Heartiest congratulations to James on winning a Gold Medal and the American Association of Philatelic Exhibitors ("AAPE") Youth Grand Award for his exhibit at the Boxborough WSP Show. This was the first time James had competitively shown this exhibit.

To read detailed news, just click the link given below …


World’s Most expensive stamp sold in Geneva

The world's most expensive postage stamp, a one-of-its-kind issue printed in Sweden in 1857, was sold at auction in Geneva to an international consortium, auctioneers said. One of the rarest known stamps, the "Treskilling Yellow" - or three-shilling stamp - was issued by mistake during a print run of eight-skilling stamps, which are yellow. The three-skilling was normally green.

A Swedish schoolboy stumbled upon it in 1885 while rummaging for stamps to sell on for pocket money. Since then it has passed through the hands of a series of stamp collectors, as well a German aristocrat and a Belgian tycoon. The last time it was sold, in 1996, it fetched USD 4.5 million dollars at auction.

Stamp auctioneers David Feldman yesterday did not disclose the identity of the buyers, nor the price paid this time round. They did say however that the stamp remained the world's most expensive.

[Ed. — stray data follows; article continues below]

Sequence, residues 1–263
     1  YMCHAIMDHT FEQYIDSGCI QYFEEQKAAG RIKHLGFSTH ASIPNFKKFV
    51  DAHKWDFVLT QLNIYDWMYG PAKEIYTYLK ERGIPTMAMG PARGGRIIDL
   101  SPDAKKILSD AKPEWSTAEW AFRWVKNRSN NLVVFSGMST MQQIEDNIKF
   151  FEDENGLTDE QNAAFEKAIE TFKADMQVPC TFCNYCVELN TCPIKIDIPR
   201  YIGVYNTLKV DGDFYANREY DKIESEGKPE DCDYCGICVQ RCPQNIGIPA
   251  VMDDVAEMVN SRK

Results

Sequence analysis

Mr. Sekhar Chakrabarti is an  eminent philatelist of India. He specializes in Flags and is a renowned vexillologist (a person who studies flags).  A retired Engineer by profession, began stamp collecting way back in early 1960s when he was in school and thematic (topical) philately in India was at its infancy. His other passion is vexillology, which has been clubbed into his philatelic collections. He has several collections  on flags consisting of Flags from different nations including a specialized collection on Indian National Flag. His collection brought laurels from several world stamp exhibitions, organized under the auspices of FIP. Currently his name has been entered in the Limca Book of Records for his collection of most stamps issued from abroad featuring the INDIAN NATIONAL FLAG. He was nominated by the Department of Posts, Government of India as a Jury member in many district level stamp exhibitions organized by the Dept.  He has created a specialized Blog on Flags which can be viewed at :  Mr Sekhar Chakrabarti may be contacted at  and